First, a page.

Old Mothers and Thuds of Thunder
When I see paintings of mother and child, I grow melancholy. When I accidentally, and very seldom see a nursing mother I grow misty-eyed and mournful of a seemingly long-lost purpose. Perhaps I hadn’t had enough children, but the one I did seemed perfectly balanced for what has been my life. While I’m not an old mother – I am among the astute pupils of age who’ve raised a young one that brings wisdom beyond any years I could ever number.
From a divorce in 1995 we were products wrapped up in the statistics and data. Single Mom, Single Parent Household and Latch-Key Kid. It was never easy being that single mom or that household tick marked into the demographics but it sure was comfortable being his Mom. It was probably the most natural thing I’ve ever done, and I have to consider it the most critical and defining moment of my career(s). While I may enjoy business intelligence, technical work or managing projects, they were just justifying my ability to maneuver through the world of motherhood in contemporary terms. Of course later, in 2007, when I lost a 12-year career to the unfortunate side effects of a plant closure I was shaken to the foundation and decided to allow something like a career to become loved enough to be my 2nd career after mother. I still thank God for bringing mentors into my life who could see outside my limited view, understand the things it would take to move beyond that, and encouraged me to flourish beyond that role. One particular woman had a profound effect on me because in those first moments we met she didn’t like me at all. I never gave a good first impression, but stick with me and find out what salt of the earth means.
So there began the 2nd chapter in my life when he left. I had finally finished a degree that, I kid you not, started when I graduated high school myself and only finally completed in 2007. Every time I spent an hour in a class, and he was left, or when I tried to focus on studies when he was playing video games, I would just get wrapped up in the sense of loss. Today I am thankful I recognized it and while I am unlike many traditional college graduates the education I received at the time I got was so much sweeter. I remember reading the text in a chemistry course and exclaiming, “OMG!!! No way!”. Yea, simple mind, simple mother, simply divine. It was as if the everyday education which loses its luster in a mire of monotonous echoes and repetitiousness became new and divinely opened to me because I had chosen to forsake it so early on. I still can’t get enough–and that was my reward. It continues to be–I am insatiable when it comes to information. Thank God.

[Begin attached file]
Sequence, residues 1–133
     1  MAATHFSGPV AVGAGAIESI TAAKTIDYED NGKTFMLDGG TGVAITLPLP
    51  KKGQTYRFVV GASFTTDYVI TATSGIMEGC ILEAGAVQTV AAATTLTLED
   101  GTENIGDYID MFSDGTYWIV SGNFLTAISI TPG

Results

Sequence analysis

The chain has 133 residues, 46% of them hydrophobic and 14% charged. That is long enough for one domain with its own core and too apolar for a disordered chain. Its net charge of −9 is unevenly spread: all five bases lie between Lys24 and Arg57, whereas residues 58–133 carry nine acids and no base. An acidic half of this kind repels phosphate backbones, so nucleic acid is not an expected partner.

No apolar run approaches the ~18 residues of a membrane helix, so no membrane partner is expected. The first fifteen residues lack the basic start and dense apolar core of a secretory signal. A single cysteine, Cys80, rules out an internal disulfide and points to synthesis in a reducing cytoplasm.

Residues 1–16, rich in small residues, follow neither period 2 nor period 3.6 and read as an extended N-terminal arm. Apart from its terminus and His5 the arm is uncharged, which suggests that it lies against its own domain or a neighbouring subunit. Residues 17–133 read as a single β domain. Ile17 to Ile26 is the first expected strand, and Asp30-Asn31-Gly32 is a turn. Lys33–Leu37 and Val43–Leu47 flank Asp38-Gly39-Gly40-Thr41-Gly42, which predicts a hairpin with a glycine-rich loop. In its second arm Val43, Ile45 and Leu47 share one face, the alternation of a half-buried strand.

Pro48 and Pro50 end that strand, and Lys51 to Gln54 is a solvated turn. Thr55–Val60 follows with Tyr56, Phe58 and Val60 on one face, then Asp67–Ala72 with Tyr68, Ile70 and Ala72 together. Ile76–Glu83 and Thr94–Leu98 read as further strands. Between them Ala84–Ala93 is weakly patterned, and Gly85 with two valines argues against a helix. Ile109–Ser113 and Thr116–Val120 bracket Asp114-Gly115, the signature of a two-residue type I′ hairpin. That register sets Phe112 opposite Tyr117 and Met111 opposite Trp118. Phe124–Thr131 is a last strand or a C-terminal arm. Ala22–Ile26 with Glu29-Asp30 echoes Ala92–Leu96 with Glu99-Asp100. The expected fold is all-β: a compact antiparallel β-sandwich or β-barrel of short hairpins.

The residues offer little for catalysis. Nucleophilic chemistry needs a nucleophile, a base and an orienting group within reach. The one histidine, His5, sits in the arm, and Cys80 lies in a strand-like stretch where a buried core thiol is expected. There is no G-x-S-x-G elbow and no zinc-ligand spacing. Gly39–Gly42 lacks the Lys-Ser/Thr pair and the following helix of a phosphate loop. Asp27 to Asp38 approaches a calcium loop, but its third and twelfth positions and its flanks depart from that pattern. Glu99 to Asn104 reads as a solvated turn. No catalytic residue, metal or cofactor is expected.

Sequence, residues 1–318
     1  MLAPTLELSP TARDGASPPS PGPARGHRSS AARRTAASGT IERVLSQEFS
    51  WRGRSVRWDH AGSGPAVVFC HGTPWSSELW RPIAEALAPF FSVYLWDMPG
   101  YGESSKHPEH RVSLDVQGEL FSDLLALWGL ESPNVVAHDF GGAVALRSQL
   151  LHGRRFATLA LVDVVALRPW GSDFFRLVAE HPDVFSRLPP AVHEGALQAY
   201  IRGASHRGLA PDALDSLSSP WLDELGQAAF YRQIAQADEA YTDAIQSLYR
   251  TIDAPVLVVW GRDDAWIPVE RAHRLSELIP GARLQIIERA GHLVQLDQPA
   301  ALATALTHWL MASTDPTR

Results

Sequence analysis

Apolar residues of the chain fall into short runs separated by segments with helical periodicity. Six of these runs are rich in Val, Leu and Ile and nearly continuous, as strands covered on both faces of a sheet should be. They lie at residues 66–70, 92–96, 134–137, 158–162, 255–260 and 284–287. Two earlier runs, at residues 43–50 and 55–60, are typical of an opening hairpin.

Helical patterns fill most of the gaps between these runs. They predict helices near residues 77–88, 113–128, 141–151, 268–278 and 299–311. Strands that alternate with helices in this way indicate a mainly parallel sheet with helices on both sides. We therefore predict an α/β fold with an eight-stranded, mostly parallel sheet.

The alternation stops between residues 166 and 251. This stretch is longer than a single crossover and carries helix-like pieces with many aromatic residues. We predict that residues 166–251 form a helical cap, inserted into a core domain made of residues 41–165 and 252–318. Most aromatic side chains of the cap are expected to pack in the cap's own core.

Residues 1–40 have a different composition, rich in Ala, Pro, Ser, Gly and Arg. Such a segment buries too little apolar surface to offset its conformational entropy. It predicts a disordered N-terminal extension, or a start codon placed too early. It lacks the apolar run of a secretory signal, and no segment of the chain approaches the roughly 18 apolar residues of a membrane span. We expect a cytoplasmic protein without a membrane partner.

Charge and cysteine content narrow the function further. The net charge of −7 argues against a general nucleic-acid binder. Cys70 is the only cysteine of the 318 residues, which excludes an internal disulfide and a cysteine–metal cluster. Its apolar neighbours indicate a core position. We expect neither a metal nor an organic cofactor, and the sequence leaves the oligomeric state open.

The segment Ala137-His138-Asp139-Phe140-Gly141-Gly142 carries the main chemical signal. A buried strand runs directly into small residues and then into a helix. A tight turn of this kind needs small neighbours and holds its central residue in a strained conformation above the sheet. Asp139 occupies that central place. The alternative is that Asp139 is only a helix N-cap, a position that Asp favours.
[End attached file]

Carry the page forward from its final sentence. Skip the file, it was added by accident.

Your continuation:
When I was younger, I remember a moment in time as if it were yesterday. Details aside I was made aware that while both parents loved me; one of them did not like me. This is not a bad thing – just a fact of my experience. Though, at 17 or 18, I could have cared less. I was kinda glad they didn’t. It would have meant they wanted to spend more time with me. Not my cup of tea. Now when I think about it, of course, I’m stymied that as awesome as I am how was it possible they could not have liked me? Maybe I just wasn’t that great. I’ve navigated parenthood in a completely different style than my own parents. Not that I think they were doing anything wrong, but with each generation, we become self-delusional that our intelligence says we’re going to do something different. Thousands, maybe millions of years feeling that thud of thunder in an old mother’s heart is probably the lesson – not how we got there.